Punjab, Rajasthan and Karnataka are other states actively encouraging private universities. The first two gain from the advantage of locations such as Gurgaon (Haryana), Sonepat (Haryana), or Noida (UP) with their proximity to Delhi, which brings in students, and the one-stop shop of permissions that hubs such as the Rajiv Gandhi Education City offer. Manoj P, associated with the Azim Premji University in Bangalore since its start, enabled by the Azim Premji University Act, 2010, said the Karnataka government has since then allowed in eight-nine private universities.
"You have the greatest impact (on society). That's what you want to do," said Ajit Rangnekar, dean of the Indian School of Business or ISB in Hyderabad, a privately-run business school co-founded with Rajat Gupta in 2001, which is looking to become a university. ISB, whose main campus falls in the recently created state of Telangana, said it would offer multi-disciplinary courses and take in undergraduates if made into a university. ISB has roughly 760 post-graduate students of business administration in its Hyderabad and Mohali campuses. Four founder supporters of ISB, Analjit Singh of Max India, Rakesh Bharti Mittal of Bharti Enterprises, Sunil Kant Munjal of the Hero Group, and Atul Punj of the Punj Lloyd Group, invested Rs 50 crore each in the Mohali campus which started in 2012.
While the Punjab government has offered ISB university status, Dean Rangnekar is hesitant as it leaves out its Hyderabad campus where the parent state, he says, may not have a private varisty law. Rangnekar wants a national law on private universities that allow multi-campus institutes to become universities. ISB offers a post-graduate diploma, and not degrees, in management to its students, just the way the Indian Institutes of Management or IIMs do.
Though the private universities fill a need, the high cost of being a student there is a matter of much discussion online among aspirants. The Jindal Law School, for instance, charges Rs 6.75 lakh fees per year, including hostel charges, for a five-year BA LLB course; in sharp contrast to the National Law School of India University, Bangalore, which charges Rs 1.76 lakh per year, including residence, for the same course.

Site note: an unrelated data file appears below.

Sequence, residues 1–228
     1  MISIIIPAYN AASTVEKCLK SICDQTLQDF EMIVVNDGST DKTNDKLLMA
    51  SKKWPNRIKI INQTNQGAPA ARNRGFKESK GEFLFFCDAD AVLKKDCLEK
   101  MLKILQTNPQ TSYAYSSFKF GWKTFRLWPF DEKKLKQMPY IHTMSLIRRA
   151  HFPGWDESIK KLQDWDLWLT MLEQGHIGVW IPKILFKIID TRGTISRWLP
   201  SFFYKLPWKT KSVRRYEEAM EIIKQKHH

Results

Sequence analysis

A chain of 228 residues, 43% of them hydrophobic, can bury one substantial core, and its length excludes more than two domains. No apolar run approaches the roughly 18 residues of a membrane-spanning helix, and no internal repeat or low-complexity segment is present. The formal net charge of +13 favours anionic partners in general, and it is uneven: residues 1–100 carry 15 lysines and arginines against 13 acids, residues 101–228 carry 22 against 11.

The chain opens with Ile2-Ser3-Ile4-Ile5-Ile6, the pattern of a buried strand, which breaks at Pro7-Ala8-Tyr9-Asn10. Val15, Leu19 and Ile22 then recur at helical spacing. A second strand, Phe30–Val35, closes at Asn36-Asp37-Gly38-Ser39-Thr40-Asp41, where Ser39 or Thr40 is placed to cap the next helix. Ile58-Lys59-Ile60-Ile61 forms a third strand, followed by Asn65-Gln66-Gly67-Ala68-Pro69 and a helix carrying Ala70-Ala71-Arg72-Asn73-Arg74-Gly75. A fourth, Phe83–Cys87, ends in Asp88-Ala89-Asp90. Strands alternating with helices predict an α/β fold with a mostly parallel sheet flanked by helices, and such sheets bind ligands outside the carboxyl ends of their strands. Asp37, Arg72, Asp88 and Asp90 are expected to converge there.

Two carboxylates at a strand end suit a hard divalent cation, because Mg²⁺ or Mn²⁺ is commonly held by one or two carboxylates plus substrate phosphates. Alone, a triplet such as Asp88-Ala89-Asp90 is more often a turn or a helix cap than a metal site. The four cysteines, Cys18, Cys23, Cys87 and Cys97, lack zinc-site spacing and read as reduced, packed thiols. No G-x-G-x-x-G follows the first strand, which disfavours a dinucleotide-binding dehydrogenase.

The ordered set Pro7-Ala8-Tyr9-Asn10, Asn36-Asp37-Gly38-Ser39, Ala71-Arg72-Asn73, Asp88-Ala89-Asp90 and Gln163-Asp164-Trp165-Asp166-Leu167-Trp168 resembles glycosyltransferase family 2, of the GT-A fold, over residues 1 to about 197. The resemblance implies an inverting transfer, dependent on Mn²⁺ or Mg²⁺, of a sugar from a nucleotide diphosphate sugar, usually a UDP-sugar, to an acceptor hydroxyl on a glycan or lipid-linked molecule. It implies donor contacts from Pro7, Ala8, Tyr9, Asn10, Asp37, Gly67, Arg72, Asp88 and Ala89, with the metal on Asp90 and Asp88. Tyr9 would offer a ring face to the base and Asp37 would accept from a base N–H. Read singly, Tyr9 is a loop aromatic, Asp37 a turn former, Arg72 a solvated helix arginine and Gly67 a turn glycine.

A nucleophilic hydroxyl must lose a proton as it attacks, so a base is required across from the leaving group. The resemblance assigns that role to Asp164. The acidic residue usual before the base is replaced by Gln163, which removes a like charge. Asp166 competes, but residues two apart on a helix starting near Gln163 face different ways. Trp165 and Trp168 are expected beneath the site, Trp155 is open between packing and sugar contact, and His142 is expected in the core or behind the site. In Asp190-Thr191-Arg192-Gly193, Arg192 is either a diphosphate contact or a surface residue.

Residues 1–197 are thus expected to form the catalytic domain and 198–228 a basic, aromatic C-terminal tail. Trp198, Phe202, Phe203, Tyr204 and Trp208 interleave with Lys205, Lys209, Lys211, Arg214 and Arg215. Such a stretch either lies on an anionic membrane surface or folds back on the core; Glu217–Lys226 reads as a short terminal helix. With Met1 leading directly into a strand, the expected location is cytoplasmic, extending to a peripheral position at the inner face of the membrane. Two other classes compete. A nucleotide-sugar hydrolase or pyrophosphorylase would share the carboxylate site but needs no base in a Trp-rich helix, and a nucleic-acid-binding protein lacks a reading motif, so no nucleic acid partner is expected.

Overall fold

"While in the US it might be possible to get a loan and couple the effort with previous savings and workings during the law school study to afford the fees, how does one expect a person with average Indian income to pay the exorbitant fees at JGLS (Jindal Global Law School)? Great effort but I would still go to a National Law University," said Sandipan De, commenting in Bar & Bench, an online platform for the legal community.
Deans of the universities say they are generous in offering scholarships. A Jindal Law School student assured De, for instance, that it is possible to get a full fee waiver. At Ashoka, where the undergraduate course costs Rs 3.9 lakh per year, 60 per cent students will get 20 per cent to full fee waiver.
A reason a large-investment university is considered viable is because attracting good faculty has long been a struggle, as India does not produce enough research scholars to fill faculty positions. Universities backed by deep pockets can hunt globally for teachers. Ashoka University, for instance, has a British teacher for Sanskrit; Dean of academics, Jonathan Gil Harris, a scholar of Shakespeare and a fan of Vishal Bhardwaj, has taught English at the George Washington University.